Safety incident responses and communications

We take all medical and safety concerns very seriously and we think it’s important to have conversations about safety with our students, staff, and community.  Because of this, we are sharing the below information because we believe it’s important for our families to know what we do in the event of an emergency.  

Here are the typical actions we take in these situations:

  • Deal with the emergency at hand and call 911

Our staff is regularly trained in life-saving responses such as:

  • CPR and the use of an AED
  • General first-aid measures
  • Narcan (overdose reversal medication) administration
  • Seizure best practices
  • Run, Hide, Fight Active Shooter response

With this training, when a safety concern arises we are able to assess situations and respond appropriately as we await help from first responders.  

Sometimes the situation allows us to call families directly to develop a plan to support their student.  Other times, the situation requires us to call our first responders through 911. 

If you’ve had the experience of having to call 911 for an emergency, you probably recognize that 911 dispatchers guide callers through a sequence of questions to quickly obtain information necessary for dispatching the right responders to the right location.

In the case of a medical emergency, if a family member is unable to arrive in time to be transported to the hospital with the student, we often send staff along to support the student.

These 911 calls are also archived and made available to local authorities. Sometimes, after the emergency is over, law enforcement engages with us to conduct an investigation even if they did not initially respond. We rely on the expertise of these first responders to determine what next steps are appropriate. 

  • Communicating with parents

When first responders come to our schools, our students, staff, and families often have questions about what happened.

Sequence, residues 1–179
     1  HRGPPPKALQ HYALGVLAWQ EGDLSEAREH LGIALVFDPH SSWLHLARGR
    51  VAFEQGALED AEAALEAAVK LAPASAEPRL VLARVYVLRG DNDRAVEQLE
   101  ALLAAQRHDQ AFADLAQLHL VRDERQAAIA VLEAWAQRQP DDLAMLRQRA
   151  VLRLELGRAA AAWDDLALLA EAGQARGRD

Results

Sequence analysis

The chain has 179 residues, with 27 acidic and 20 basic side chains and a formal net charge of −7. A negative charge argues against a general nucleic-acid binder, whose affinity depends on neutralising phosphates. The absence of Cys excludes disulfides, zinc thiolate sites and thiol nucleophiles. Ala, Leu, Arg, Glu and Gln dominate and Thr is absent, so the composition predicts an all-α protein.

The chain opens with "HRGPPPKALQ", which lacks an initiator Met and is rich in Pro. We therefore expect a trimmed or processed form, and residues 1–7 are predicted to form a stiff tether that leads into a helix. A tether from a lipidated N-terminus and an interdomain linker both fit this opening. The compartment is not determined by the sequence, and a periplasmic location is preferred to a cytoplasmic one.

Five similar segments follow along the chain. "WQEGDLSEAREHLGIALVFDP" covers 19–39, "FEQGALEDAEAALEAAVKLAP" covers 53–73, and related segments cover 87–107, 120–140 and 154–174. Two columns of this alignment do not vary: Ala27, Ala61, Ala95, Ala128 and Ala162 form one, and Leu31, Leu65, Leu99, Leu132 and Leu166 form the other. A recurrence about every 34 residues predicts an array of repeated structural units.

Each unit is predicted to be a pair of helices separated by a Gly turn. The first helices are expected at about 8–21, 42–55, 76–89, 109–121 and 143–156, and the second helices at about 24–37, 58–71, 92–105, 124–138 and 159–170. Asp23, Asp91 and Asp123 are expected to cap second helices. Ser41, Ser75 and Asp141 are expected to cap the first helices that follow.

Sometimes the situation is one where we can share general information about what happened, and we do so as soon as possible. For example:

  • Suspected gas leak
  • Stranger danger
  • Fire alarm

In situations that involve specific student or staff medical emergencies, we are required to follow federal privacy laws, such as FERPA and HIPAA, which prohibit us from sharing details without written permission to do so from the student’s family. 

In these cases, we work with the families of victims to determine what we can share about the situation.  Sometimes these families are experiencing a horrible trauma and we want to respect their wishes.  

This is especially true in cases of:

  • Violence
  • Self-harm
  • Drug/alcohol abuse

Balancing privacy concerns with the need to raise all our parents’ awareness of risks in our community can be delicate. 

For this reason, we think about communication in two strands, proactive and reactive.  

Proactive and preventative communication

We try to provide proactive communication about important topics and risks in our community that could potentially endanger our students’ health and safety. 

We specifically share information when public health and public safety partners share concerns they’re seeing in the community with us.  

We get mixed feedback from our families about whether they would like to receive these messages and accompanying resources, but we feel they are important to push out. 

Reactive communications after an incident

In reactive situations, where a significant and tragic event does happen, we do work directly with the family to determine what they would like shared and what they would like to keep private.  We ask staff who the family already knows to reach out to them and keep communication channels open for these situations. This communication can happen over a span of a few days or several weeks. 

Sometimes we are not included in what may have been the cause of the medical emergency. Until we can confirm the cause, and have permission to do so, we do not share it with the broader community. 

  • Our commitment

We take the responsibility of keeping our students, staff, and community safe very seriously.  We unfortunately live in a world that has a lot of safety concerns.  We want to be ready to address those concerns and communicate about them transparently both proactively and reactively.  

We continuously work to learn, grow and improve our safety and communication practices.